Children at Hans Helgesen Elementary pack mulch around tree roots on the school grounds. (Tim Collins/Goldstream Gazette)

A tip of the HAT to Hans Helgeson students

Program has taught about nature and responsibility

Students at Hans Helgesen Elementary school are already looking forward to their next opportunity to get out onto the school grounds and to do their part in making the world a little better place.

In 2017, nine classes at the Metchosin school learned how to help create a healthier world by combating the spread of invasive plant species, creating habitat for wildlife in need and generally being better stewards of the natural world.

It was largely the work of the Habitat Acquisition Trust (HAT) and stewardship co-ordinator, Paige Erickson-McGee, who came to the school as part of a program that saw HAT attend a series of schools throughout Greater Victoria to teach children about the fundamentals of nature.

“The children had so much fun with this program, and learned a lot about the world around them,” said Hans Helgesen principal Debra Stoutley.

“In the courtyard we have raised garden beds where the students grew tomatoes, peas, sunflowers, kale and radishes. They also grew a variety of edible indigenous plants with a strong link to our First Nations. It was fun, of course, but they also learned so much.”

RELATED: ICBC speed campaign at Hans Helgesen shows drivers what’s at stake

The indigenous connection was particularly relevant at Hans Helgesen as the school is the primary elementary school for children of the Hui’q’umi’num’ First Nation. Elders from the nation came to the school to talk to the children and explain about the plants and how they have traditionally been used by indigenous communities.

Through the HAT program, the children learned about invasive species and spent time removing both scotch broom and Himalayan blackberry plants from the school grounds.

In another section of the school property, they planted local, indigenous plants that would help feed butterflies near the play area. By observing the butterflies, the children were able to learn about the life cycles of the insects and were rewarded with watching them emerge from cocoons and take flight.

The children also learned about how their activities can, quite unintentionally, be harming plants.

“We have a number of arbutus trees on the property and when the children play around the trees they harm the root systems and damage the ability of the trees to survive,” explained Stoutley. “In this program they learned about how to create mulch and pack it around the tree roots to help keep these lovely trees healthy for future generations of children to enjoy.”

As a participant in the HAT program, Hans Helgesen will also be looking forward to participating in a school-wide assembly on Earth Day in the new year (Apr. 22) where they will celebrate their successes in creating the wildflower habitat where students, teachers and community residents will have the opportunity to learn about our local flora and fauna while providing shelter for natures pollinators.

At that time, Erickson-McGee will present the students with a trophy to celebrate their hard work. Appropriately enough, the trophy is an extra thick cane of blackberry removed by the kids, mounted and spray painted gold for the occasion.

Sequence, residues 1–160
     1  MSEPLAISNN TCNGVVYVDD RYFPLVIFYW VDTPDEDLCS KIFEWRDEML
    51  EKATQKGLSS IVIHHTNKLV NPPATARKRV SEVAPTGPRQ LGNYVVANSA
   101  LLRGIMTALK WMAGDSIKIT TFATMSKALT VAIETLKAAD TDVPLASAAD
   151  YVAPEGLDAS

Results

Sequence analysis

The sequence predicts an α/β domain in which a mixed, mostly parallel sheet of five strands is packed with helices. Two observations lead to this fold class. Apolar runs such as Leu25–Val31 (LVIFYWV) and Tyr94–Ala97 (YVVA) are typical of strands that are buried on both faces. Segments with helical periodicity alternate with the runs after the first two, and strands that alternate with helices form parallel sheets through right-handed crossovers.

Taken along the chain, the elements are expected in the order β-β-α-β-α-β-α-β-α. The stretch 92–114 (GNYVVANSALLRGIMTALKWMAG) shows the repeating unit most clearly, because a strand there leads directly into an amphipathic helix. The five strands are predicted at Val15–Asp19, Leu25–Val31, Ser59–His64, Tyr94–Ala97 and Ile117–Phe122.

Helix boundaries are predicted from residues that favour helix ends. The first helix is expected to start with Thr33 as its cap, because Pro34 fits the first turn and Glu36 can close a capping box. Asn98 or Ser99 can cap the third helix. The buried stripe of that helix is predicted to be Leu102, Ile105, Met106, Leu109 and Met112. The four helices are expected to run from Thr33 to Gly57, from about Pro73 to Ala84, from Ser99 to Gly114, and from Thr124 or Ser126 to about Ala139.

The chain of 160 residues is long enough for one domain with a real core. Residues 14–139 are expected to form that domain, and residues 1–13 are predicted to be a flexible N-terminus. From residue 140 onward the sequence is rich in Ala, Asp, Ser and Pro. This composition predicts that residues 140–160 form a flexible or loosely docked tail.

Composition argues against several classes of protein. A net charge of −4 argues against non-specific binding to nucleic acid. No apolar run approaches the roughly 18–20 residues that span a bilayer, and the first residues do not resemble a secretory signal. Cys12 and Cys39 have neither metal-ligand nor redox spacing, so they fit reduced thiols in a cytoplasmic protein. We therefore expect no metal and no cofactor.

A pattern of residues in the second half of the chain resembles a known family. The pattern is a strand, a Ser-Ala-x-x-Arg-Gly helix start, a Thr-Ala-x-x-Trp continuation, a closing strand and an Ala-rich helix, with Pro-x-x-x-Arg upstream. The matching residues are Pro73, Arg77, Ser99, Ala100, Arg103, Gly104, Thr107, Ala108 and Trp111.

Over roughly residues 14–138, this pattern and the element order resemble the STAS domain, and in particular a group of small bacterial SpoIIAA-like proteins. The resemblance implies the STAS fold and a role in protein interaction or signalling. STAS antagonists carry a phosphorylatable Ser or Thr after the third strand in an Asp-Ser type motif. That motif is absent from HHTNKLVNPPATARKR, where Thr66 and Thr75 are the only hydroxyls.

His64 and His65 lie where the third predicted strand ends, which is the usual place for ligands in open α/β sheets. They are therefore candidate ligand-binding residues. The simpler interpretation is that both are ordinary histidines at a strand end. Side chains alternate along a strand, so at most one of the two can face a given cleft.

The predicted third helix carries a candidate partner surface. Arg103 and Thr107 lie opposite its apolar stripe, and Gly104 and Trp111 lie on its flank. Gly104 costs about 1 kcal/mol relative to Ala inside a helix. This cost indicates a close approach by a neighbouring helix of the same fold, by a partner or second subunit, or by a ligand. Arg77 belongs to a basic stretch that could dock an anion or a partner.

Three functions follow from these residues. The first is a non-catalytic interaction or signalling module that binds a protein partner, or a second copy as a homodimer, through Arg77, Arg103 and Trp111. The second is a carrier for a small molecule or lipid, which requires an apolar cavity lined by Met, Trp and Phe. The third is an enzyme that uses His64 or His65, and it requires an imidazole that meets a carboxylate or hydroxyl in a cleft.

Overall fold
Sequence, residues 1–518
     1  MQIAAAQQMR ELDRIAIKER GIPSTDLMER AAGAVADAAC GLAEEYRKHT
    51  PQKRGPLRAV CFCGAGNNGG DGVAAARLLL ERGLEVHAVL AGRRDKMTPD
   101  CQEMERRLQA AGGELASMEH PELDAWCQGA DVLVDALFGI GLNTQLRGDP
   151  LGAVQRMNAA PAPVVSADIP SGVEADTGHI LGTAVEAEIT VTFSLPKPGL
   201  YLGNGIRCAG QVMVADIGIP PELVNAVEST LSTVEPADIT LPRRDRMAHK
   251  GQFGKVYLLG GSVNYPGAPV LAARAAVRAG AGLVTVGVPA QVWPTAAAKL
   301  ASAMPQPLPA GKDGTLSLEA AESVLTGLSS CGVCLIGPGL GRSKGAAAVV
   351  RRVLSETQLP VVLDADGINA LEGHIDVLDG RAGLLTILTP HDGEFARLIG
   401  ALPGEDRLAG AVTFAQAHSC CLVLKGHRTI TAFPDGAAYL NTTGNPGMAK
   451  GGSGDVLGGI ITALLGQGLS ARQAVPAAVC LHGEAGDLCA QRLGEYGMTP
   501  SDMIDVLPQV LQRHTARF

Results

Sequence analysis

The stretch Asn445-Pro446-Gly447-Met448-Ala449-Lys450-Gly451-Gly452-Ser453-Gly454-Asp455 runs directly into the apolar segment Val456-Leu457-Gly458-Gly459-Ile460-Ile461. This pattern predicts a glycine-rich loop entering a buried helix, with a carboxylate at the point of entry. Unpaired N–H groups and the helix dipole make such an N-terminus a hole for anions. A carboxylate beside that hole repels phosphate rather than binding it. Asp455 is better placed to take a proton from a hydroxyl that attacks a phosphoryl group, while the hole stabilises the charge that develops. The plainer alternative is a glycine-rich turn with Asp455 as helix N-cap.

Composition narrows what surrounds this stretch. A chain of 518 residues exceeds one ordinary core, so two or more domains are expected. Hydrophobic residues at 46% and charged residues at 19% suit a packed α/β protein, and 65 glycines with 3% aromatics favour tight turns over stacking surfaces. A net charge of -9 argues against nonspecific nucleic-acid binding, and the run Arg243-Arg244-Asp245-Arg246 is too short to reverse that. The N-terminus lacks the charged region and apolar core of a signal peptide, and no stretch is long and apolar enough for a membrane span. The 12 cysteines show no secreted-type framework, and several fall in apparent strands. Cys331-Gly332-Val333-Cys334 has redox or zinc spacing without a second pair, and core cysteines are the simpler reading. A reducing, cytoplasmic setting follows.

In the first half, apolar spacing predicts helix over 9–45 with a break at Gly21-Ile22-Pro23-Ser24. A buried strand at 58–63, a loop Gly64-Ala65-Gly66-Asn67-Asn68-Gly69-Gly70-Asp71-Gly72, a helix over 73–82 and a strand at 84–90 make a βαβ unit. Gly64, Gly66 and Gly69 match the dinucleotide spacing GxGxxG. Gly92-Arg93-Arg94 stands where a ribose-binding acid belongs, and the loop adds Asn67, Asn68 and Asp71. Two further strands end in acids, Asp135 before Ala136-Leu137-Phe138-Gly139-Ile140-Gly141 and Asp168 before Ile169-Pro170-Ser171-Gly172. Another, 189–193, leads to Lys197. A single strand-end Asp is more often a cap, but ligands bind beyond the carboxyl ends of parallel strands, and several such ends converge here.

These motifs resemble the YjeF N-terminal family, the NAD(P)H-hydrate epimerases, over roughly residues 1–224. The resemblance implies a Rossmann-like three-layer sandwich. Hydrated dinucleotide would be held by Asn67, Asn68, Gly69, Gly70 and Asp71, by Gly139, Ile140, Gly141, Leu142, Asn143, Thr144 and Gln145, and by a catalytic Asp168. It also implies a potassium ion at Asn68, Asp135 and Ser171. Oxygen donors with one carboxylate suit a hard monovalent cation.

“Although the trophy is nice, the real reward for the students is seeing the results of their work and gaining a new level of knowledge and respect for nature through the program,” Stoutley said.

More information on the HAT program can be found at hat.bc.ca.

editor@goldstreamgazette.com

Just Posted

Remember Spunky? Santa came out to Sidney to check on him

Red-tailed Hawk made headlines last year after being stolen, raised by eagles

MISSING: 59-year-old Pamela Fletcher

Fletcher was last seen in the area near Royal Jubilee Hospital on Dec. 10

Mainroad South Island reminds drivers to keep them in the loop

Call the hotlines for concerns on local provincial highways

IIO doesn’t recommend charges after motorcyclist death in Mill Bay

An off-duty VicPD officer was involved in the crash

Custom motorcycle and wood cutter stolen from Sooke motorcycle shop

2006 Husqvarna motorcycle and 2-ton log splitter taken from outbuilding

VIDEO: Royals reveal the images on their Christmas cards

Prince William and his wife Kate are shown outside in casual clothes, their three young children in tow

POLL: Are you dreaming of a white Christmas?

The rain Vancouver Island is famous for is coming down in buckets,… Continue reading

Greater Victoria Crime Stoppers wanted list for the week of Dec. 11, 2018

Greater Victoria Crime Stoppers is seeking the public’s help in locating the… Continue reading

Media, robotics, Indigenous studies coming to B.C. Grade 12 classrooms in 2019-20

Provincial tests are also being changed for students in Grade 10 to 12, the Education Ministry said

ICBC to apply for 6.3% hike to basic insurance rates

Crown Corporation said it will be submitting its next basic rate application to the British Columbia Utilities Commission Friday

Stranded B.C. trucker writes final wishes before being rescued 3 days later

‘I was just praying someone would come along’

Canfor Corp. extending temporary curtailment of sawmills in B.C.; cutting hours

Vancouver-based company says the decision is due to declining lumber prices, high log costs and log supply constraints

Canada’s prospective world junior team members await final roster decisions

Thirty-four players were invited to the national junior selection camp

Woman guilty of impaired driving in death of Vancouver Island pedestrian

Man in his 70s killed in 2016 Courtenay multi-vehicle incident

Most Read